Songza’s approach to streaming music is to offer music based not on genre or artist, but on activity or mood instead. Going for a run, getting ready for a date, having a party, Songza’s got options for all of those and a lot more. The plan is to develop high impact 7 second ads that work well for both listeners and advertisers within the context of the programming.
Recent info says that Songza has 4.8 million active users. They have 24 million songs in their database, as well as a slick interface and a unique approach. And they’re concentrating on monetizing their audience in a way that benefits advertisers and listeners. All that makes Songza one to keep an eye on. For more, check out an interview that co-founder Elias Roman did on CNBC not too long ago..
Classic Rock tops the list of most popular genres in a survey of people who listen to online radio at work. Followed closely by Rock and Country music, Classic Rock songs are the ones that more than 1000 respondents said they listen to online and at work. The new info is part of an at work study done by Radionomy and Edison Research and released today. Based in Brussels, Belgium and San Francisco, Radionomy is one of the largest user-generated radio station platforms for producers, listeners and broadcasters around the world. This new study was designed to encourage producers of Internet radio stations on their platform by providing them with more information on what users want to hear.
The study finds that most people listen to Internet radio to hear songs they know – 86% tune in for that reason. But they also like to discover new music, as 72% pick that as a reason to listen as well. Fewer folks said they tuned in to hear DJs and local news online. More than half listen to 2 or 3 Internet radio stations a week, and more than three-quarters listen in other places outside of work as well.
“The desire on the part of listeners to simultaneously hear their favorite music and also be exposed to songs that they haven’t heard before but still appeal to their tastes creates an interesting opportunity for producers,” said Radionomy’s Thierry Ascarez. “We believe that those who can achieve a balance of giving people what they already want, and also new things that will appeal to them based on their established tastes, will more meaningfully connect with their audiences.”
You’ll be able to hear more about this survey at the Radio Show in Orlando next week. And you’ll be able to get a lot of very useful information about online radio and digital audio at RAIN Summit Orlando on Tuesday September 17th at the start of the show. For more info on RAIN Summit Orlando, or to register, click here. To save a few bucks use the promo code Audio4cast (you have to register before you get there to get the discount). Hope to see you there!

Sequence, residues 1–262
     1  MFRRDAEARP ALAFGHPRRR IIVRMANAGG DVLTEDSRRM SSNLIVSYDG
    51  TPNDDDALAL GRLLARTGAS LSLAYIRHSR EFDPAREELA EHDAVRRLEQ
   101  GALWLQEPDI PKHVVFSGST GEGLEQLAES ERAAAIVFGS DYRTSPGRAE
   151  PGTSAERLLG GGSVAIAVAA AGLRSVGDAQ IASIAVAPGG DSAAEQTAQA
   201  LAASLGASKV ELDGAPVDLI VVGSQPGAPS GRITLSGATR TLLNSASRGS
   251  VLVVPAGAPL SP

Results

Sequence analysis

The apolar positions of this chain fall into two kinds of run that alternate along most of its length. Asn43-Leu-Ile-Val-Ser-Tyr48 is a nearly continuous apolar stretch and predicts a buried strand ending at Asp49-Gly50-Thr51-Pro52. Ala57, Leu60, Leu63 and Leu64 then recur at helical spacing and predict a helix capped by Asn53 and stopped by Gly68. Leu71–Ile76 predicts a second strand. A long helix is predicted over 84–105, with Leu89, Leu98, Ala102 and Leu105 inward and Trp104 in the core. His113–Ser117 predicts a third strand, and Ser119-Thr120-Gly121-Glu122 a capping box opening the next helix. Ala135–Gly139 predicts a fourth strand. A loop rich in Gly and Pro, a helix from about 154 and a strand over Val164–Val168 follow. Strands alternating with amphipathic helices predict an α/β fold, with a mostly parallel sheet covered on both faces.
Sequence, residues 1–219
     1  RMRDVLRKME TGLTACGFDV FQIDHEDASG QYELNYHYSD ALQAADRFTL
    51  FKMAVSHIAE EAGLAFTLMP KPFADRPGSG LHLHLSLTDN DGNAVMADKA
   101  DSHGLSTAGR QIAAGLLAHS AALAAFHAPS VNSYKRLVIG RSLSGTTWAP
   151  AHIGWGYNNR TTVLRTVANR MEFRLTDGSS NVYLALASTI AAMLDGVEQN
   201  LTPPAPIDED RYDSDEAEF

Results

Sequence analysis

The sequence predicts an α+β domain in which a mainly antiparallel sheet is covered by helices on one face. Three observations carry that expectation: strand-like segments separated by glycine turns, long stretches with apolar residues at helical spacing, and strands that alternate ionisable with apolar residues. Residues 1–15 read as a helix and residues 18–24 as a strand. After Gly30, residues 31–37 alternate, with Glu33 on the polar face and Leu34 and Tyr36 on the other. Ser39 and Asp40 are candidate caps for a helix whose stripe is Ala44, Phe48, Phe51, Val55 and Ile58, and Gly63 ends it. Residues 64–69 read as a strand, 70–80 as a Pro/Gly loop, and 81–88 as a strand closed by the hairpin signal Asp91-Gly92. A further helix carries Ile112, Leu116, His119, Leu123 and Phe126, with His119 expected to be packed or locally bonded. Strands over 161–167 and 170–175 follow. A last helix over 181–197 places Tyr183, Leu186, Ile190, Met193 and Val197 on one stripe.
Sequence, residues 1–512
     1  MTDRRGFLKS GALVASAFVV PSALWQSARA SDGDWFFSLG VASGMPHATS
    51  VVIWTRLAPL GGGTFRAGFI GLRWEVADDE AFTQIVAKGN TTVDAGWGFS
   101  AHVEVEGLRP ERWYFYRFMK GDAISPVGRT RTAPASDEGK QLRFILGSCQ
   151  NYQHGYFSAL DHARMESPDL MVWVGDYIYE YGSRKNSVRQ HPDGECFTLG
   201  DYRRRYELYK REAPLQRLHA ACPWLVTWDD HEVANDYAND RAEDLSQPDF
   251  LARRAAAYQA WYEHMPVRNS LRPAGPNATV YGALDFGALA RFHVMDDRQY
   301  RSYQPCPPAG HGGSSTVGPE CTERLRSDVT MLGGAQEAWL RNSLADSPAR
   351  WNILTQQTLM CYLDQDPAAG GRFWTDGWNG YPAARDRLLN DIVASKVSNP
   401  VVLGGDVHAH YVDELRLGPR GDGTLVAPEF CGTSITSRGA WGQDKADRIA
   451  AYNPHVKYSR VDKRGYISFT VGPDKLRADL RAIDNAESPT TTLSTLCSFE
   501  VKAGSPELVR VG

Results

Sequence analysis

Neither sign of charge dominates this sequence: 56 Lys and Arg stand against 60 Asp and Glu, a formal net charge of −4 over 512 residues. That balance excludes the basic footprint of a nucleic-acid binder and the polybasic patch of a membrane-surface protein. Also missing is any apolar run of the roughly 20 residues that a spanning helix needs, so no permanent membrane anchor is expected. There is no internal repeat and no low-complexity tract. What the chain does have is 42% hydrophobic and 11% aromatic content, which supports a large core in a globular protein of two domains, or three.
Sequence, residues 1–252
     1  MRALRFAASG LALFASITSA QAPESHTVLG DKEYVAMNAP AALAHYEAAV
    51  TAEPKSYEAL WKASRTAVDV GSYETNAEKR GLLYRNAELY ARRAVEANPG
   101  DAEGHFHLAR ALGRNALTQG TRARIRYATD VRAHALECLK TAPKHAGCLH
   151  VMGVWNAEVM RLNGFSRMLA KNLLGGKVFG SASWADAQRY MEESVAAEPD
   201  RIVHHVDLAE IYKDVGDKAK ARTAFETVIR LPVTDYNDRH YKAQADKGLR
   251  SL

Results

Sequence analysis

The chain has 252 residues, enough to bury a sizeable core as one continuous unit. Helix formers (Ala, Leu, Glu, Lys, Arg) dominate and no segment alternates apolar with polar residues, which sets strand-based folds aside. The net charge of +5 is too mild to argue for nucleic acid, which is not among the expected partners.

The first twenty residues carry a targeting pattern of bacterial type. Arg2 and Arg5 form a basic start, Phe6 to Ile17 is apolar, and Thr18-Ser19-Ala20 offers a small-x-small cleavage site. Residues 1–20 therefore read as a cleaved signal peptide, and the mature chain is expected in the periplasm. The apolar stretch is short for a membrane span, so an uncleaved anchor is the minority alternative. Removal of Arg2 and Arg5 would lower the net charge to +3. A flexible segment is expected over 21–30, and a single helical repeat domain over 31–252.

Driving is down in the US, according to an AP article that I read in my local paper over the weekend, causing folks that study that kind of behavior to conclude that our love affair with cars here in the US is coming to an end. The average number of miles drivers individually rack up peaked in July 2004 at just over 900 per month. Since then it’s been dropping, off 9% by last year at 820, and down again for the first half of this year.
Apparently, many factors are contributing to this trend, including the high cost of buying a car, the high price of gas, and the increased ability to purchase things online and even socialize online. Job losses due to the recent recession are a factor as well.
Which leaves me thinking about the impact that decreased driving is having on radio. Is the actual decline in driving one of the factors in radio’s declining AQH? The fact is that for the past decade, broadcast radio’s time cume has remained fairly steady at around 92% of the 12+ population, while it’s AQH keeps dropping. Some of this is due to younger generations preferring to listen on other platforms, like streaming.
But I’ve never heard anyone mention that the drop in time spent listening to AM/FM radio is tied to an overall drop in time spent driving in the car. And not only that, but this trend may be more closely tied to younger generations choosing other listening platforms over broadcast radio as well. Twenty years ago, two thirds of 18 year olds had their license. Today fewer than half of teenagers get their license in the first year they are eligible. That’s got to be having an impact on their time spent with radio.
Radio’s dominance over drive time has long been its mainstay. The waning of the time that folks spend in the cars is surely having a significant impact on the amount of time they are spending listening to their favorite drive time media…
How does this trend impact the future of radio and streaming? Don’t miss a great panel discussion on the topic at RAIN Summit Orlando featuring execs from Pandora, Ford, Pioneer Electronics, Slacker and others. You can see the full agenda and register here. Use the code Audio4cast to save a few bucks. See you there!
Pandora hosted a 2Q earnings call last week, giving investors news of increased listening and revenues, and continued disappointing profits. The highlight of the call was the news that mobile ad revenues are up 92% over last year, with Pandora now claiming to be the third largest generator of mobile ad revenues in the US, behind Google and Facebook.
Other big news included the fact that just months after a move to cap listening at 40 hours per month, Pandora is removing that cap. No doubt, this decision has to do with the impact that move had – Pandora’s numbers dipped about 10% this spring after the cap was instituted, and at least one competitor, Slacker, saw simultaneous growth. Meanwhile, it did appear that the cap spurred subscription sales as well – although whether those subscribers will stick now that the cap is lifted remains to be seen. Non-GAAP subscription and other revenue was $33.5 million for the quarter, a 153% year-over-year increase, including $4.7 million in revenue relating to our subscription return reserve which has to be held separately since they collect the fees upfront, but subscribers may cancel for a refund.
Advertising revenue was $128.5 million, a 44% year-over-year increase for the quarter.
Pandora also announced that they will for the first time be running back to back ads in listener’s streams, increasing the potential number of ads a listener can hear from about 4 per hour to 5. Since these are mainly 30 second ads, the ad minutes may climb to 3 minutes per hour.